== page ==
Returns Saturday 9/8c
HELL ON WHEELS, NE — The Union Pacific’s primary work camp is facing significant delay after a severe thunderstorm washed out the tracks and buried the town in mud.
‘Hell on Wheels’ is a mobile town that travels with the tracks as the U.P. builds westward across the country at a rate of two miles a day. When the Chief Engineer decides ‘end of rails’ is too far from the current camp, the tents are packed up and moved down the line.
Chief Engineer Cullen Bohannon decided yesterday to move the town, but the process was interrupted when an infant belonging to former railroad dove Eva Toole went missing from the tent she shares with freedman Elam Ferguson, the U.P.’s chief of police. The time lost looking for the child meant everything was not fully packed by the time the storm hit.
Each day of lost work costs investors thousands of dollars, and the U.P. board has been less than satisfied with Mr. Bohannon’s explanation for the delay.
While Mr. Bohannon did order the men to continue packing, many were swayed by an offer from the former head of the Union Pacific, Thomas Durant, who was in town on business. Mr. Durant said he would provide a reward of twenty gold eagles, or $400, to the first person who could locate the child. Many railroad workers, typically making $1.50 a day, dropped everything to aid in the search.
Reports of vandalism and looting increased fourfold during the fevered hunt, as both Irish and freedmen workers accused the other of breaking into personal tents and removing property under the guise of looking for the missing child.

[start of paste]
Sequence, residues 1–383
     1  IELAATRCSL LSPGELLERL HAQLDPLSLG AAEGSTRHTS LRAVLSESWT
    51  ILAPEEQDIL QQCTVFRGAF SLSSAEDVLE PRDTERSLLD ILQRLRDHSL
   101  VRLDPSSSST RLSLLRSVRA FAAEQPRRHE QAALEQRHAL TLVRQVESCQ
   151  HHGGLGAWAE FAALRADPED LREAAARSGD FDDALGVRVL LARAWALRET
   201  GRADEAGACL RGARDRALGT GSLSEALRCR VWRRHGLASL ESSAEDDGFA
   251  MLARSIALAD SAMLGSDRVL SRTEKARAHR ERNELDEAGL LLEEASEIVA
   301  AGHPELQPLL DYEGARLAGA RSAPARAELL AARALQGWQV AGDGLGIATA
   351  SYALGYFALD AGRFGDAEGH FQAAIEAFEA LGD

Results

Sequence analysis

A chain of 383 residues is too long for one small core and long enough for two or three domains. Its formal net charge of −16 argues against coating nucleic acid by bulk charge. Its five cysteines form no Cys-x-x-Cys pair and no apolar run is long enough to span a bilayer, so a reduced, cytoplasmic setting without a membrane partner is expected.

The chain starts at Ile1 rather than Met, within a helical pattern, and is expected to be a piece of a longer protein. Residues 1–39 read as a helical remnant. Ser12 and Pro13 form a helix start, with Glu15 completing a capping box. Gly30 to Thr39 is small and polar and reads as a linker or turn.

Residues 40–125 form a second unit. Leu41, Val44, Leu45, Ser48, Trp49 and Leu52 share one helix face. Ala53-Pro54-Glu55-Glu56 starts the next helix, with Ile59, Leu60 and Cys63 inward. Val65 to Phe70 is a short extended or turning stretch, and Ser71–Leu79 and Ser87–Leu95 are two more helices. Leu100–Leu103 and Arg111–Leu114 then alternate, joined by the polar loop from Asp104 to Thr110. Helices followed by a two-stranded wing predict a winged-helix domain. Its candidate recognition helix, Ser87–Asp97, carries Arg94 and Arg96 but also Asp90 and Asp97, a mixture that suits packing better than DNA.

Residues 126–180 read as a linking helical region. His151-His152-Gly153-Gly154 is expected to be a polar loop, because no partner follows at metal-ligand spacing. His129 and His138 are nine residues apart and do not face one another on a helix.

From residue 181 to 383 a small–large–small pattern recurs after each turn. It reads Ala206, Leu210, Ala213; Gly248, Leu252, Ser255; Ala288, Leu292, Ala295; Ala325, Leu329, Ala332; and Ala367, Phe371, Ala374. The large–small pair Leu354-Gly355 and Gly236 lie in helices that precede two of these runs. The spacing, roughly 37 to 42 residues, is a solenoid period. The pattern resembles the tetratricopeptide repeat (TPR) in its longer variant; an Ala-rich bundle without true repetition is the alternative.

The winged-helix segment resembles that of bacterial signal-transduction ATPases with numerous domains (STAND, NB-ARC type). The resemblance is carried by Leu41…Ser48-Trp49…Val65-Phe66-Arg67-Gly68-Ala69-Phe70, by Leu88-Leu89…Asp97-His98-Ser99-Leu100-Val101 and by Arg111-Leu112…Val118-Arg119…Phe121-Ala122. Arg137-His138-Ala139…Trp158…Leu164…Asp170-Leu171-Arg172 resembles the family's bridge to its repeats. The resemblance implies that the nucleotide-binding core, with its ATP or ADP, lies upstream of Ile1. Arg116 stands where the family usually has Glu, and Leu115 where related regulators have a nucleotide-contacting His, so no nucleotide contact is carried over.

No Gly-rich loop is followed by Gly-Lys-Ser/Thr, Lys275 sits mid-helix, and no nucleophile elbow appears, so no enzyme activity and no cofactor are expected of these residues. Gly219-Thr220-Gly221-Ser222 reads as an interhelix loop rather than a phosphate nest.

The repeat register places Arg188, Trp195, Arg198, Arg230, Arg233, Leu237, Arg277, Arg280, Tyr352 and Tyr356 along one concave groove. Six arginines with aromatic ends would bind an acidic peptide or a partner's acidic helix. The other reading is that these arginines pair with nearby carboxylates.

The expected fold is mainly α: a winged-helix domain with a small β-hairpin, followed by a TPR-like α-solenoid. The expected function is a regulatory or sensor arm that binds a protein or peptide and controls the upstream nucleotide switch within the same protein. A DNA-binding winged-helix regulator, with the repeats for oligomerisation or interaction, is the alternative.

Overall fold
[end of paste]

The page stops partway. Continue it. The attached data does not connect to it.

Herschel Colton, the blacksmith’s apprentice, even claimed to have witnessed a kidnapping during the chaos. “A couple of them black fellas hit a skinny Irishman over the head and dragged ‘im off,” said Herschel. When pressed for details about the victim or the perpetrators, Mr. Colton couldn’t provide any, admitting to occasional trouble with his vision. Corroborating evidence of a kidnapping was never found.
The infant turned out not to be in town at all; after Mr. Ferguson and Mr. Bohannon learned two horses had been stolen from the camp, they followed a trail to discover the baby had been taken by a syphilitic railroad dove and her lovelorn suitor.
“Sara’s been having some woman troubles as of late,” said Phoenix Saloon proprietor Mickey McGinnes, of the accused kidnapper. “Maybe she and that eejit fella of hers thought they were startin’ some kind of outlaw family.”
Neither Sara nor her paramour, Jack Shaw, have returned to Hell on Wheels.
While the child was safely returned to her mother, the railroad is expected to experience a delay of at least two weeks, as it is impossible to move wagons or heavy machinery to the new site until the ground has dried and the washout has been repaired.